Do I think your case will take long? That's not a question I can answer. What's the mother's argument for withholding time? An allegations of domestic violence? What were the care arrangements like before contact ceased?
     
  10. Hpflstpmum

    Hpflstpmum Well-Known Member

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    Thank you AllForHer. We thought this would be the beginning of thousands and thousands of dollars but if initially it's just the filing and ticking the interim application then we really should get the ball rolling in order to see her as soon as possible. I guess the longer it goes on in court is where the fees start to increase?

    You're exactly right - she can just say no for as long as she wants to drag things out for.

    I appreciate your suggestion on legal representation for if we were to go with change of residency. I feel that based on how much refusal we're being met with, it shows the mother really just doesn't want us to have anything to do with the daughter at all "just because". There is no domestic violence coming from our side at all. If anything, we would be more likely to have evidence of that with the threats from the mother's partner.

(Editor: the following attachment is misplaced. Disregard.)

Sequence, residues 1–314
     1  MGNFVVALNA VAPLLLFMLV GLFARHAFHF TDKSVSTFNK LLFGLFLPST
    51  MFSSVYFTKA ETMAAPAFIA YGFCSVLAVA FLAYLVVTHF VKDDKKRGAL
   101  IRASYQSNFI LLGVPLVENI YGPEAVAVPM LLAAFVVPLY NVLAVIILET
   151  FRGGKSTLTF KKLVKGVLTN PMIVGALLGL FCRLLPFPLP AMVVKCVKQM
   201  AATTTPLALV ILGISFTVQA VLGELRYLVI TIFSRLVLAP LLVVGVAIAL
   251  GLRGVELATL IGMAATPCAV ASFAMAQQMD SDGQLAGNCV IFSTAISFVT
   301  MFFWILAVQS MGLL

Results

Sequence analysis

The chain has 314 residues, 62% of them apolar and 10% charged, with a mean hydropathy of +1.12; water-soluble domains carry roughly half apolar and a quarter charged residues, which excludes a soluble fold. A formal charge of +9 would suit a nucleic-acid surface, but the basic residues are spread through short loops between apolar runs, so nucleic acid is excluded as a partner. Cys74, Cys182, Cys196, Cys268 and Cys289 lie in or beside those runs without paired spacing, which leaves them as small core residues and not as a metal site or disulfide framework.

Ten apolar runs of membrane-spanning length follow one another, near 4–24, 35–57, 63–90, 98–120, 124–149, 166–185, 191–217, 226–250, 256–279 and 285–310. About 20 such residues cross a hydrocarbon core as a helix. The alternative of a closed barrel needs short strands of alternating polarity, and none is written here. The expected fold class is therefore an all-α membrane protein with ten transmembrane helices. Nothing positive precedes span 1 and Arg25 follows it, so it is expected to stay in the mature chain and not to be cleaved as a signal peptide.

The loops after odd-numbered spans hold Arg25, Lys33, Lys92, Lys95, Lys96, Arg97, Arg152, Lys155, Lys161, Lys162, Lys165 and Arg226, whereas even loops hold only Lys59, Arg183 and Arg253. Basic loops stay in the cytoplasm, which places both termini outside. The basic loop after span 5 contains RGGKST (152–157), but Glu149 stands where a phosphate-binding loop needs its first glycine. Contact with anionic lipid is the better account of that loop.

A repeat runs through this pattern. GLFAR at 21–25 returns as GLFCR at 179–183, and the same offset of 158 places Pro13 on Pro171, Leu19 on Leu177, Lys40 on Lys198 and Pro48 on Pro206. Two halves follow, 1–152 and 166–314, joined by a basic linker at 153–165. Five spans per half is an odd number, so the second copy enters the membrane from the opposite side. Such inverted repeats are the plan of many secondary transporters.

Contact beforehand was really good with the daughter directly but there was always speaker phone and like she was being coached to say things to us or not say things so there was no privacy, which is where the no speaking with me has come from but that privacy was between father and daughter. She should still be able to maintain a good relationship with her step parents just as she should if she were with us and wanted to speak with her mother's partner.

    The issue that really tipped the mother off the edge was that the daughter had been speaking with me and said she was very unwell and her mother didn't have enough money to get her a puffer (she has asthma), so I suggested before we ended our conversation that she ask her mum if she needed some money to buy one for her. Well I was met with a massive "what!? No!?" in the background. The daughter came back to the phone but thought I had hung up so the conversation ended and that's the last we spoke to her which was months ago now.